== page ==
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I'm looking for a framework / approach to do message passing distributed computation in C++.

I've currently got an iterative, single-threaded algorithm that incrementally updates some data model. The updates are literally additive, and I'd like to distribute (or at least parallelize) the computation hereof over as many machines+cores as possible. The data model can be viewed as a big array of (independent) floating point values.

Since the updates are all additive (i.e. commutative and associative), it's OK to merge in updates from other nodes in arbitrary order or even to batch merge updates. When it comes to applying updates, the map/reduce paradigm would work fine.

On the other hand, the updates are computed with respect to the current model state. Each step "corrects" some flaw, so it's important that the model used for computing the update is as fresh as possible (the more out of date the model, the less useful the update). Worst case, the updates are fully dependent, and parallelism doesn't do any good.

I've never implemented anything flexibly distributable, but this looks like a prime candidate. So, I'm looking for some framework or approach to distribute the updates (which consist mostly of floating point numbers and a few indexes into the array to pinpoint where to add the update). But, I'm unsure as to how:

  • I can broadcast updates to all connected processes. But that means massive network traffic, so I'd realistically need to batch updates; and then updates will be less current. This doesn't look scalable anyhow.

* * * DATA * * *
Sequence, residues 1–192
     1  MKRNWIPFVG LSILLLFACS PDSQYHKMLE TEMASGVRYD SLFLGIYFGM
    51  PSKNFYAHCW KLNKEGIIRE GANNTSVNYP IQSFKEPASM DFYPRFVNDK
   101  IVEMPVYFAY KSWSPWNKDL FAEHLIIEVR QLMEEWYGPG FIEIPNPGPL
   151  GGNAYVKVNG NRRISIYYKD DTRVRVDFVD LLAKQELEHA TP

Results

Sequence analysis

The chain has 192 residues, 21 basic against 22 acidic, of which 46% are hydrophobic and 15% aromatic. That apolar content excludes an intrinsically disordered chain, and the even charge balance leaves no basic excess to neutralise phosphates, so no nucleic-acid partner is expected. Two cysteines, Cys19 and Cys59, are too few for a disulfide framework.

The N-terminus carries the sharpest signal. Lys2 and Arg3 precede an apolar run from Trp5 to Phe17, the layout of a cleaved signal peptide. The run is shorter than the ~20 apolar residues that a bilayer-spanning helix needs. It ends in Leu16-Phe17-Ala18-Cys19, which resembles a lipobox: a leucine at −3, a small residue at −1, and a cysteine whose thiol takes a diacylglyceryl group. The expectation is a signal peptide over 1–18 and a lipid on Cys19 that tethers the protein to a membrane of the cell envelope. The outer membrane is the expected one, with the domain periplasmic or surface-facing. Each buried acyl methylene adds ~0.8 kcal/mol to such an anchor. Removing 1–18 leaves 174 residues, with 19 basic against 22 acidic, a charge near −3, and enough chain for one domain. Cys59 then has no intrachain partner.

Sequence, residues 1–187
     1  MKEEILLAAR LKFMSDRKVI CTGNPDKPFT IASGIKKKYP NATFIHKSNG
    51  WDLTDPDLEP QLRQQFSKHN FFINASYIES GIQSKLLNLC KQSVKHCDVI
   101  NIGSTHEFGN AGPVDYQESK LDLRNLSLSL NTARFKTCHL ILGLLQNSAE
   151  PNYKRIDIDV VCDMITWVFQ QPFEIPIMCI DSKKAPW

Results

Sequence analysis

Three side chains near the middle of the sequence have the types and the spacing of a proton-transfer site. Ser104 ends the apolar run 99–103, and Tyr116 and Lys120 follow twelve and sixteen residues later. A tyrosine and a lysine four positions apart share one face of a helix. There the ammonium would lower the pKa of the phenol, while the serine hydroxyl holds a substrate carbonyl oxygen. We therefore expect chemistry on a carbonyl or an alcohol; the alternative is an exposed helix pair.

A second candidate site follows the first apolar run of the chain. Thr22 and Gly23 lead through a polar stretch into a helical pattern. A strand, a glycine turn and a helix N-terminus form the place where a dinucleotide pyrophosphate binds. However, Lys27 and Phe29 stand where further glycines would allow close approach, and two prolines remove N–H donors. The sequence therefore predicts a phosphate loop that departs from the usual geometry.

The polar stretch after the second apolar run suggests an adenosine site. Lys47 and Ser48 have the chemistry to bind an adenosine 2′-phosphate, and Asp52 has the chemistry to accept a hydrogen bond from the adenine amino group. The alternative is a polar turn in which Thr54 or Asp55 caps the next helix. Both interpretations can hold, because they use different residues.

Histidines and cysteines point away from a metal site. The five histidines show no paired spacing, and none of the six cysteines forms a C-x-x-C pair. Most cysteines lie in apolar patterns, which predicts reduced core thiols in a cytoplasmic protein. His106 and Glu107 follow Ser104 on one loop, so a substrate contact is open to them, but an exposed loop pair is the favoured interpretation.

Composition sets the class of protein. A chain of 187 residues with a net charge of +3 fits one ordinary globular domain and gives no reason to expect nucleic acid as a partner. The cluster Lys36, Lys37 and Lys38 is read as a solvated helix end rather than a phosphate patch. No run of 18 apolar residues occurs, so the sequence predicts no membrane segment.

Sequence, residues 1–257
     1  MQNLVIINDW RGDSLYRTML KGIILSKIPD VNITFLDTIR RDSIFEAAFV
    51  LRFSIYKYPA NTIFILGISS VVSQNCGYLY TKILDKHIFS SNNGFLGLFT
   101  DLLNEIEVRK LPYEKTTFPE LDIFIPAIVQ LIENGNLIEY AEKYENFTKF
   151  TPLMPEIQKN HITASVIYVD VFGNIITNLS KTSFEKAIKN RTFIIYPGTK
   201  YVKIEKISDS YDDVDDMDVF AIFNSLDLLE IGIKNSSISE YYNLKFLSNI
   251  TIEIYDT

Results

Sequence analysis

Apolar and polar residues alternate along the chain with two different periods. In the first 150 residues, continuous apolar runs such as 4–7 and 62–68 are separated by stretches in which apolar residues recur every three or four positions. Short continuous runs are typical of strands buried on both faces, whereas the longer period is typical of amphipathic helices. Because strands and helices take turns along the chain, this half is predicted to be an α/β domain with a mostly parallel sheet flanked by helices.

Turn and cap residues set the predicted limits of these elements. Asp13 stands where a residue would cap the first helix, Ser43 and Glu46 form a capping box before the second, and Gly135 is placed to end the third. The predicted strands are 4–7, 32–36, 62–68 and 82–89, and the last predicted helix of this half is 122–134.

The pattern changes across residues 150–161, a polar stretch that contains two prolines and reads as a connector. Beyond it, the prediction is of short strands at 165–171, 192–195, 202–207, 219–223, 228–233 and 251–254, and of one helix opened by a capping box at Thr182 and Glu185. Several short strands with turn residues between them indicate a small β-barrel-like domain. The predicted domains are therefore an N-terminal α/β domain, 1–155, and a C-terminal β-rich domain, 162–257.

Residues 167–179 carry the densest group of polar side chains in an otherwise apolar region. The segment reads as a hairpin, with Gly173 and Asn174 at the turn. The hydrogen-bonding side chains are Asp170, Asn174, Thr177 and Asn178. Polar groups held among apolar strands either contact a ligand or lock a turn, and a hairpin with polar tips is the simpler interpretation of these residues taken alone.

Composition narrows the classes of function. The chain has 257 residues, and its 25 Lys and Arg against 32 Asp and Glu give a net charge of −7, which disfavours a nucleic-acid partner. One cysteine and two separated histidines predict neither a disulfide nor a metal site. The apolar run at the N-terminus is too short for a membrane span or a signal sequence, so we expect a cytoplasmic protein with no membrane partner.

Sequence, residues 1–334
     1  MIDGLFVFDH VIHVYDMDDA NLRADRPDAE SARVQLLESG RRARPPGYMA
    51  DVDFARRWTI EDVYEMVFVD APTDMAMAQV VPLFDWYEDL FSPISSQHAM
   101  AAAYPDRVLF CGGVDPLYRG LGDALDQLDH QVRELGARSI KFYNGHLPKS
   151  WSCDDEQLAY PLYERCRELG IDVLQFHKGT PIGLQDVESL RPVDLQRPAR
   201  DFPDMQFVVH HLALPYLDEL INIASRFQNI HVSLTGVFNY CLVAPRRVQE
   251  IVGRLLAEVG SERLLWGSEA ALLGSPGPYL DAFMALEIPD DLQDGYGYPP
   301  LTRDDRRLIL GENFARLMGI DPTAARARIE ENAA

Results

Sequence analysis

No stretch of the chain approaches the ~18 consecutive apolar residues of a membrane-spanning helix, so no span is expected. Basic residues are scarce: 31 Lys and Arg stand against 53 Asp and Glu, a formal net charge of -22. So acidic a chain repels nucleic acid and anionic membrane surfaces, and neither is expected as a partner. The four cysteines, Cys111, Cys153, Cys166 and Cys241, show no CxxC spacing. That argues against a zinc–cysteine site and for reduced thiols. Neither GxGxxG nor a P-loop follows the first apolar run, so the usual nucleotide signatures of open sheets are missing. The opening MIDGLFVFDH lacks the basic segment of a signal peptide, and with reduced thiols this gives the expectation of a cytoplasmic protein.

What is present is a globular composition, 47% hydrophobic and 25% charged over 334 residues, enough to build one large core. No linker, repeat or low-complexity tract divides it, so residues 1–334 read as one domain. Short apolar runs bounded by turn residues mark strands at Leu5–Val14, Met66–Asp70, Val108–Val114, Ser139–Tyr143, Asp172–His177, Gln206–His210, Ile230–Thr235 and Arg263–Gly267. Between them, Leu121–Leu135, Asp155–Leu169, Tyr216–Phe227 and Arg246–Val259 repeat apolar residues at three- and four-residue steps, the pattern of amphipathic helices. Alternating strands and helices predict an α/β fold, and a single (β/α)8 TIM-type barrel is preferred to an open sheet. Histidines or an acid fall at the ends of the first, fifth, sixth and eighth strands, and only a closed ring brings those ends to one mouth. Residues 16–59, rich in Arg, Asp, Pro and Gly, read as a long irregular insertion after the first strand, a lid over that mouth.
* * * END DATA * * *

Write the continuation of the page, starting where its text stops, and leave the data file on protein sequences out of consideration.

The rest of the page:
• I can do some kind of ring topology. Basically, a machine sends the next machine the sum of its own updates and those of it's predecessors. But then I'd need to figure out how to not duplicate updates, after all, the ring is circular and eventually it's own updates will arrive as part of the sum of its predecessors.
  • or some kind of tree structure...

To recap, to get decent convergence performance, low latency is critical; the longer between update computation and update application, the less useful the update is. Updates need to be distributed to all nodes as quickly as possible; but because of the commutative and associate nature of the updates, it doesn't matter whether these updates are individually broadcast (probably inefficient) or arrive as part of a merged batch.

Does anybody know of any existing frameworks or approaches to speed up development? Or even just general pointers? I've never done anything quite like this...

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up vote 3 down vote accepted

You probably want MPI (Message Passing Interface.) It's essentially the industry-standard for distributed computing. There are many implementations, but I would recommend OpenMPI because it's both free, and highly regarded. It provides you with a C API to pass messages between nodes, and also provides higher-level functionality like broadcast, all-to-all, reduce, scatter-gather, etc. It works over TCP, as well as faster, lower-latency interconnects like Infiniband or Myrinet, and supports various topologies.

There is also a Boost wrapper around MPI (Boost.MPI) that will provide you with a more C++ friendly interface.

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This looks like a reasonable technical start. I guess the batching/merging aspect is not a solved problem? – Eamon Nerbonne Dec 9 '09 at 14:56

Are you looking for something like Boost.MPI?

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